Wi-Fi networking is an important topic to businesses today, given the popularity of laptops and the proliferation of BYOD devices. While gigabit Ethernet networking still has a place in SMBs, the pressure to support an exponentially growing number of wireless devices on the corporate network is a very real one.
I’ve written on this topic before, and projects that I’m now working on reaffirm my conviction about the need for SMBs to deploy proper business-grade access points (APs). These are three of my reasons.
Performance in Real-World Environments
A 2011 report on Tom’s Hardware benchmarked the network performance of a number of APs from top brands such as Aruba, Cisco, Ruckus Wireless and HP, including the Apple AirPort Extreme (802.11n) for the sake of comparison. In a nutshell, the results brought the startling contrast in performance between consumer-level Wi-Fi gear and their more expensive business-grade WLAN equipment to the fore.
Specifically, while the AirPort Extreme performed reasonably well in single client tests, its performance dropped dramatically when subjected to a “noisy” environment with simulated interference from dozens of clients. Like it or not, the latter scenario is one that matches that of a typical office, which is also likely subjected to additional interference from neighboring offices.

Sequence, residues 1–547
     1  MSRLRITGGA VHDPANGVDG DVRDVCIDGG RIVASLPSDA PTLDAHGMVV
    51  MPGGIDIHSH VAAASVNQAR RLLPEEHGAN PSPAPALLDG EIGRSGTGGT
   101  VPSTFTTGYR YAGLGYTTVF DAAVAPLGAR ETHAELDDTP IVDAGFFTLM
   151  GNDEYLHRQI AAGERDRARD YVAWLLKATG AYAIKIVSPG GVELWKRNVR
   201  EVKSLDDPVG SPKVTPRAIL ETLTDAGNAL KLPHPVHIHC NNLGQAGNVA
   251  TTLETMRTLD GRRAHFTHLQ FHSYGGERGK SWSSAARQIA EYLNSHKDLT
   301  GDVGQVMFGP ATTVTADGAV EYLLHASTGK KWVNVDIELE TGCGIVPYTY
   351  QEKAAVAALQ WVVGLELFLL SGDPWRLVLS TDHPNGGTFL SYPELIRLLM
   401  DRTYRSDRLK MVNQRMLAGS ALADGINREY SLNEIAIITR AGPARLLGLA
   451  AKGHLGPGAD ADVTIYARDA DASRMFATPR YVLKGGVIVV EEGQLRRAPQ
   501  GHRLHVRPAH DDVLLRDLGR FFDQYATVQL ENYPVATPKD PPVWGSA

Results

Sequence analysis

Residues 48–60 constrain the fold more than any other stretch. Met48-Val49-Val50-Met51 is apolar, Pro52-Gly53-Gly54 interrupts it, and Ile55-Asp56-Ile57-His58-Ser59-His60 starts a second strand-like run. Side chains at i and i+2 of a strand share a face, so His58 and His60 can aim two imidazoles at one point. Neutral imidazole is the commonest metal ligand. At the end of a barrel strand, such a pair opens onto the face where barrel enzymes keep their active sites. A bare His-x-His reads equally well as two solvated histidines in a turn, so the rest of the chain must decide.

Managing Your Wi-Fi Network
Given that they are designed for small networks of between five to 10 users, it should hardly be surprising that consumer-level APs often offer nothing on the management front. Moreover, multiple APs cannot be made to work together, and they usually do not integrate with backend authentication servers.
The former means that there is no way for users to “roam” between APs without being disconnected, or to more fairly distribute wireless clients between multiple APs; the latter lowers security by forcing the use of static passphrases across the entire company.
Finally, consumer APs simply don’t incorporate any security features to protect your wireless network against hostile activities. For example, one setting you will probably find in a business Wi-Fi deployment is the ability to disregard excessive wireless requests from a particular client. This serves to protect the AP from malicious actions such as an attempt to crash it, denial of service attacks – or just a broken Wi-Fi driver.
Moreover, they also do not offer protection against a malicious AP setup with the same SSID to spoof your network, or react against repeated authentication failures with a temporary timeout to guard against brute-force attempts to guess the passphrase. Obviously, your mileage on this front will vary depending on your WLAN vendor of choice.
For SMBs looking to deploy a new Wi-Fi network, I wrote recently about why SMBs may want to wait a little on deploying the up-and-coming 802.11ac standard. You can read more about it in “Why SMBs May Want to Wait Before Deploying 802.11ac.”